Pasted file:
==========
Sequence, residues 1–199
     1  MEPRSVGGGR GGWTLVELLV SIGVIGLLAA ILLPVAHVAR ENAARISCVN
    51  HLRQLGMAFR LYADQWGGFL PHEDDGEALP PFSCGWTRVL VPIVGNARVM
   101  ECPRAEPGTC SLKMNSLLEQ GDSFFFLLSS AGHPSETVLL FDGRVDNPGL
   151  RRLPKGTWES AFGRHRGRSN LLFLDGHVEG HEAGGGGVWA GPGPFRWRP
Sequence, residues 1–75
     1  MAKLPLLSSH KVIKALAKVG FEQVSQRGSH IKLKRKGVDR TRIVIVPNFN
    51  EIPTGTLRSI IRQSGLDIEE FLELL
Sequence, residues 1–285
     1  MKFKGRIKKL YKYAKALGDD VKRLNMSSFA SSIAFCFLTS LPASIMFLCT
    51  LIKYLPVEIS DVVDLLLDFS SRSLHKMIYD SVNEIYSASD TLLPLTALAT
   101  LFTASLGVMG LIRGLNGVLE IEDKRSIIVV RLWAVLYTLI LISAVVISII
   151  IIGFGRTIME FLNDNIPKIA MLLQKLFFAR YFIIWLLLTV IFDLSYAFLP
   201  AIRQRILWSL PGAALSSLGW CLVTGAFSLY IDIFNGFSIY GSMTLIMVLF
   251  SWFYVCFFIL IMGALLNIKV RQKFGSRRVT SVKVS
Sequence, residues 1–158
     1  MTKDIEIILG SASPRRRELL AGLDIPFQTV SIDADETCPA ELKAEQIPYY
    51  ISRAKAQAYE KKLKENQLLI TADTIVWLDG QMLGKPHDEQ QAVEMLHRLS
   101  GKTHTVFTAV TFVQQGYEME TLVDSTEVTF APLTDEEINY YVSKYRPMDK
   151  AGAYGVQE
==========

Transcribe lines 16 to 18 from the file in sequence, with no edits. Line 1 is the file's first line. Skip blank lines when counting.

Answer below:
Sequence, residues 1–158
     1  MTKDIEIILG SASPRRRELL AGLDIPFQTV SIDADETCPA ELKAEQIPYY
    51  ISRAKAQAYE KKLKENQLLI TADTIVWLDG QMLGKPHDEQ QAVEMLHRLS